What about After this Gaza War?

What about After this Gaza War? November 13, 2023

ChrisO’s modification of 2004 UN Map of Israel

That’s the question that is percolating a lot in the media even though it seems premature due to the ongoing Israel-Hamas War. But trying to answer this question could lead to a ceasefire and perhaps some sort of negotiation.

This war is causing results that make my proposal for solving the Israeli-Palestinian conflict look increasingly more viable. It is contained in my book published 33 years ago and entitled Palestine Is Coming: The Revival of Ancient Philistia. Here is my proposal: a state of Palestine be created solely in the coastal plain as a very expanded Gaza Strip with Israel annexing all the West Bank. Of course, this proposal, based on historical precedent just Israel’s Proclamation of Independence demands, requires a transfer of peoples. I insist that you can change demographics, but you can’t change history and religion that is based on history as well as a sacred text. The the latter is what many of those Jewish settlers are thinking to their Judaism.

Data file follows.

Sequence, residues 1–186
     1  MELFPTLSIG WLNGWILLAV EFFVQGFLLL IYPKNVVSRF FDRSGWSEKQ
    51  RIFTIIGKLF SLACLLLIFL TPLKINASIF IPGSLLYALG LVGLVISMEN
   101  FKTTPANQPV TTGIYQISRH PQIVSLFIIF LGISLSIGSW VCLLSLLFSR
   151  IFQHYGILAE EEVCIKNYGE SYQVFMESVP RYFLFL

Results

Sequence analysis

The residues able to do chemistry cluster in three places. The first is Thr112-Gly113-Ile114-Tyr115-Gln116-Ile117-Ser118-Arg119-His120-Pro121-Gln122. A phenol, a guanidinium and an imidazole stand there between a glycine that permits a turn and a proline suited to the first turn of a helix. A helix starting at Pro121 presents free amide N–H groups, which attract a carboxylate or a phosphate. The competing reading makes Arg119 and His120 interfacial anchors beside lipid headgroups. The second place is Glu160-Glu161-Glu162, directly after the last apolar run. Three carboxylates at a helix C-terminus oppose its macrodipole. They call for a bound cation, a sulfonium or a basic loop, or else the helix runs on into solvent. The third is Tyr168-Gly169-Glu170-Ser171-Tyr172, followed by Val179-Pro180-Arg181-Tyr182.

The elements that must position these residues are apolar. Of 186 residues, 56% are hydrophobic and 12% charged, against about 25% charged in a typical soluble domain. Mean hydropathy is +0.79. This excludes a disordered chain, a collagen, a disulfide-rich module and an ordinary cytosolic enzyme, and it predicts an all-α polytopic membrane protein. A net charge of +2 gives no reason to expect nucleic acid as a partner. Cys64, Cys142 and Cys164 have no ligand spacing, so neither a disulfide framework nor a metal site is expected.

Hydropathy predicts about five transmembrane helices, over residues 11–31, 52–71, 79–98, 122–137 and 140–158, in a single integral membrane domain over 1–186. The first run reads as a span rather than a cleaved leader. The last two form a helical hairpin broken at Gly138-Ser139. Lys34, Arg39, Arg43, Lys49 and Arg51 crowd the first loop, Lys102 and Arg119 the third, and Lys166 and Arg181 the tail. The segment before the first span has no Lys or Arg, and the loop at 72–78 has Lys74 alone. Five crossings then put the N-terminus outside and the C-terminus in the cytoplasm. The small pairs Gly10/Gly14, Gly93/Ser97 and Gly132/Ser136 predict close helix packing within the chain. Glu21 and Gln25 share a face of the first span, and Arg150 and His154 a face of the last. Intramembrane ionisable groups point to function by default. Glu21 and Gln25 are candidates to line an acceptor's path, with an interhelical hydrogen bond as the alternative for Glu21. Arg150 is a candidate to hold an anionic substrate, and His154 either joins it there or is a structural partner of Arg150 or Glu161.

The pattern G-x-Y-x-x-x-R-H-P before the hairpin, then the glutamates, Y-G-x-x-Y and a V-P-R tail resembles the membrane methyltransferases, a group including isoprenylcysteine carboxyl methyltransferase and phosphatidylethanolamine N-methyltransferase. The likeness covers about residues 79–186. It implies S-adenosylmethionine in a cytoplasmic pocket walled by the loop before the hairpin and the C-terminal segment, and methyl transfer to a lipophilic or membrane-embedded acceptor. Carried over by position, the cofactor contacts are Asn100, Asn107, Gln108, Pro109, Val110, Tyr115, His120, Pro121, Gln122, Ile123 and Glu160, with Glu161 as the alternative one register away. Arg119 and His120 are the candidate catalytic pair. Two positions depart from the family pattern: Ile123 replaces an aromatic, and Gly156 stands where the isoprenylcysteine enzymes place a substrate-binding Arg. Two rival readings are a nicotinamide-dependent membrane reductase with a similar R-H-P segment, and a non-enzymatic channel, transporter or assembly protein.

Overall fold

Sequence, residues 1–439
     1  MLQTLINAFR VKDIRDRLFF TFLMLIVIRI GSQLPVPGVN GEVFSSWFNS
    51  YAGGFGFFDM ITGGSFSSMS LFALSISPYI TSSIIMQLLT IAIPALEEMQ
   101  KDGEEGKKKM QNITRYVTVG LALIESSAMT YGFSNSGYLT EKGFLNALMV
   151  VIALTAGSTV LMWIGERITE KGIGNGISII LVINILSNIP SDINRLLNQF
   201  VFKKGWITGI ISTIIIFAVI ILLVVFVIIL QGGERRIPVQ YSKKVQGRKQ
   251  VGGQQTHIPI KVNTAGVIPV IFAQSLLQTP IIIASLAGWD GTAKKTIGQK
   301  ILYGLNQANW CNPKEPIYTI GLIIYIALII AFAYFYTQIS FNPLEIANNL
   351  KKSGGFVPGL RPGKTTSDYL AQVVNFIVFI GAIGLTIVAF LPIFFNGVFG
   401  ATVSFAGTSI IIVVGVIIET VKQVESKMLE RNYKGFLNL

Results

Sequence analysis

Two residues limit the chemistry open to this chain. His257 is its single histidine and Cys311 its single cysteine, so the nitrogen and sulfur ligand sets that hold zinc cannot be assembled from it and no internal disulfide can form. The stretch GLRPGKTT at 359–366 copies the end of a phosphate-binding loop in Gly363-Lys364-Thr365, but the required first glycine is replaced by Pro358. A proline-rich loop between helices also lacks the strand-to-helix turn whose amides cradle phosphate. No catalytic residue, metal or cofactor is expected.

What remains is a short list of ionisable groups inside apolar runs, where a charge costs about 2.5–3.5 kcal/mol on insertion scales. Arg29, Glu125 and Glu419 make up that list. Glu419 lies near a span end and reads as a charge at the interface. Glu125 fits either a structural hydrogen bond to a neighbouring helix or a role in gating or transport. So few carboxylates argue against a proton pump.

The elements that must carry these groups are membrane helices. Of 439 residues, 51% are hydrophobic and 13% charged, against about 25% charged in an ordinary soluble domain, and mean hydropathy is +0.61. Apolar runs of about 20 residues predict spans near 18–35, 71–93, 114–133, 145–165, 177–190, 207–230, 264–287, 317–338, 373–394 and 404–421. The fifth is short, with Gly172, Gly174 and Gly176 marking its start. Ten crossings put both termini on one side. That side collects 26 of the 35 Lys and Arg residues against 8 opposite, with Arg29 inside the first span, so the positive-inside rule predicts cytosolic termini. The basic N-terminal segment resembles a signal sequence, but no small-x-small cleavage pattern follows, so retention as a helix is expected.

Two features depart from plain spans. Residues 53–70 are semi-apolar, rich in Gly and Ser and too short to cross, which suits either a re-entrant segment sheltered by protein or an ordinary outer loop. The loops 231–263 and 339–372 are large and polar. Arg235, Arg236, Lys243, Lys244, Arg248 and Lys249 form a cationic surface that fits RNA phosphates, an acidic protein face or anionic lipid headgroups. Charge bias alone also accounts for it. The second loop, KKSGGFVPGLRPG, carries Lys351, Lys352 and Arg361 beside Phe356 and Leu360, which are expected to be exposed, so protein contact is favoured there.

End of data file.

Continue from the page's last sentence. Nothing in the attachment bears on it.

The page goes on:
One such result of this war that favors my proposal is that since the war began on October 7th, the Israeli government has removed about 125,000 Jews from their homes, most of them situated near the Gaza Strip, and is housing them in about 250 hotels located inland. It is because these residents expressed fear of being attacked by Hamas militants again. In my proposal, I envision the Gaza Strip being declared as a Palestinian state and that it would be enlarged especially eastward and northward in a possible land swap with West Bank territory.

Another such result is that many of the half a million Jewish settlers in the West Bank, whom the government of Israel allows to to have weapons and even provides some with weapons, are becoming increasingly hostile toward the 2.7 million Palestinians living there whom the government of Israel does not allow to have weapons. If this situation increases, West Bank Palestinians will increasingly want to live elsewhere than in the West Bank if given an option, such as in an expanded Gaza Strip.

And US Secretary of State Antony Blinken said last Wednesday that the US will work toward the realization of the Palestinians’ legitimate aspirations for the establishment of a Palestinian state. He also said, “No reoccupation of Gaza after the conflict ends. No attempt to blockade or besiege Gaza. No reduction in the territory of Gaza.” All of this sounds to me like the Biden administration may be thinking of declaring in the future that it favors a Palestinian state beginning in the Gaza Strip.

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